"Well, well," came Angus' booming voice. "A fishing hole that warrants my abilities."

"My, yes," agreed Bernie. "Look at all those fish."

"Now young Bernard," Angus proclaimed royally. "Observe as an expert applies his unique skills to this idyllic setting."

"But cousin Angus," Bernie objected. "I have observed your unique skills all morning. You haven't let me fish a single hole."

"Patience, young friend," Angus continued patronizingly. "One must learn, before one can do."

"Well one is getting pretty bored," whimpered Bernie.

"All in good time," Angus said. "All in good time."

If it is possible to hear someone sulk that is precisely the sound that I heard, wafting through the trees. There was a quiet humph, followed by the sound of nothing at all. This combined with the swish of line quickly extended by Angus' false casts, led to a rather somber silence over the pool, over which I commanded an outstanding view.

By now the pool had entirely regained its vigor and large rolling boils appeared upon the surface continuously and were whisked away by the current at the bottom of the hole. My situation was complicated. I could see no way of extricating myself from the tree with dignity until they had completed their exploitation of the hole, and the prospect of being marooned on top of the tree while they caught fish after fish made me ill. But I had no desire to become the butt of some often repeated fishing story. I had no alternative other than staying put. Being the philosophically minded person that I am, I settled in for the duration.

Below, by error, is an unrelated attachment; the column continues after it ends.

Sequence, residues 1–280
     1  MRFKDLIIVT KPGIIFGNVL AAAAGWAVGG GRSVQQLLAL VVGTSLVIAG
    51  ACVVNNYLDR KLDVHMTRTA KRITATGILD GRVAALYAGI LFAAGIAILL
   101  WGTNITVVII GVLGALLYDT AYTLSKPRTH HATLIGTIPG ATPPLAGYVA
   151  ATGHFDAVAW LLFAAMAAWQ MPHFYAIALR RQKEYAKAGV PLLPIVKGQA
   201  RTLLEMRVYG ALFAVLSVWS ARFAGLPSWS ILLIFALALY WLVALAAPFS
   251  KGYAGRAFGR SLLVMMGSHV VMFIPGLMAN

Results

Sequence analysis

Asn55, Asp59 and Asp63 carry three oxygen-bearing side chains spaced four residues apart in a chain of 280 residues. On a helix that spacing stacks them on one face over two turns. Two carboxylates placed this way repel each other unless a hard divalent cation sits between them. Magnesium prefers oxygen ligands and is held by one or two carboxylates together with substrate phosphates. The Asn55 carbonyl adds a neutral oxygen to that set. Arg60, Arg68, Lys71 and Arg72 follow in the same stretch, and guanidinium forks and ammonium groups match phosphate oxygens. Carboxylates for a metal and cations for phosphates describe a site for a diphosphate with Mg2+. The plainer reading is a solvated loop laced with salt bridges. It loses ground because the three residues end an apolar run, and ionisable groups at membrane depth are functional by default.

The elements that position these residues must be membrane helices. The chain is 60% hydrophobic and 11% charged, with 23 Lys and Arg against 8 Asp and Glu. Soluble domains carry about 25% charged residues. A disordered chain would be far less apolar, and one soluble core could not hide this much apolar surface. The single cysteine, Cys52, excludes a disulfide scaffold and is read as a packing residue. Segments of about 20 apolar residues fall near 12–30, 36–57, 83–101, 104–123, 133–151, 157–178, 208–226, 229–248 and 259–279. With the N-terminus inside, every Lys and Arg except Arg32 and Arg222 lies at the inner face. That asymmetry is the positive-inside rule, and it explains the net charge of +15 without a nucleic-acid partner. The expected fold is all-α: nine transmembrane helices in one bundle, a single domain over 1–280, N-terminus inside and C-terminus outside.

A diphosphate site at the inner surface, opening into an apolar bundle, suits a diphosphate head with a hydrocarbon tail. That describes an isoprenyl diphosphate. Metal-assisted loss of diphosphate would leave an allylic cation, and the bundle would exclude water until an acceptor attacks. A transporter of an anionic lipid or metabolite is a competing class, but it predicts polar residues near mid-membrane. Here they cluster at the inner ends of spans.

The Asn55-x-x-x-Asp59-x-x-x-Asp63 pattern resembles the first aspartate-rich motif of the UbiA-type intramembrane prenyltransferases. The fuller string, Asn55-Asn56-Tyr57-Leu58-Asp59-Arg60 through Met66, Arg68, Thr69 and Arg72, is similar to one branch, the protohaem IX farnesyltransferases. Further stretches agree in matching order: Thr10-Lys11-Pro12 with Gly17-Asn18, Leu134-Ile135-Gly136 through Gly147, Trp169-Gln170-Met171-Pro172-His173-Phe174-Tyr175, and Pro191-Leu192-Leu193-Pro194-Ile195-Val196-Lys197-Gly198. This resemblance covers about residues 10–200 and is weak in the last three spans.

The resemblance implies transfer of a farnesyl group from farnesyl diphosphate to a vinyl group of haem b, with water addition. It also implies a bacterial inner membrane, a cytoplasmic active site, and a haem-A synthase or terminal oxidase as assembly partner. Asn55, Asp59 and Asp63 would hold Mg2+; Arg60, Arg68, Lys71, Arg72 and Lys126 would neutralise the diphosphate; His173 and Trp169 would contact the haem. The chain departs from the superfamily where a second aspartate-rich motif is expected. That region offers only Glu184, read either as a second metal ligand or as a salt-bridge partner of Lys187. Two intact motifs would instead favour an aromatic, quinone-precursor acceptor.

However, holding my ground was no cinch either, the situation in the tree having deteriorated considerably over the past few minutes. In my zeal to retrieve my fly I had climbed out as far along the limbs of the tree as their diameter, gravity and the length of my legs would allow. The first two factors had resulted in considerable sagging. The third represented a more serious problem. The subalpine fir, by its nature, sprouts radiating limbs from its trunk at regular intervals. Near the trunk these limbs are close together, affording excellent footholds. Further from the trunk they are farther apart and, holding the limb above with both hands, one is forced to spread one leg forward and the other back in ever increasing amounts. Because of the considerable sag in the support structure, it was evident that all three limbs were necessary to support my weight, but I had extended to such a limit that I found myself doing the splits - assuming a most awkward pose. This was growing increasingly uncomfortable and I wished that Angus, blowhard that he was, would cast his stupid line and get on with it.

"Oh silly me," Angus said, retrieving his line. "I forgot to grease the fly."

"Oh just throw the stupid fly, you imbecile," I whispered from the tree.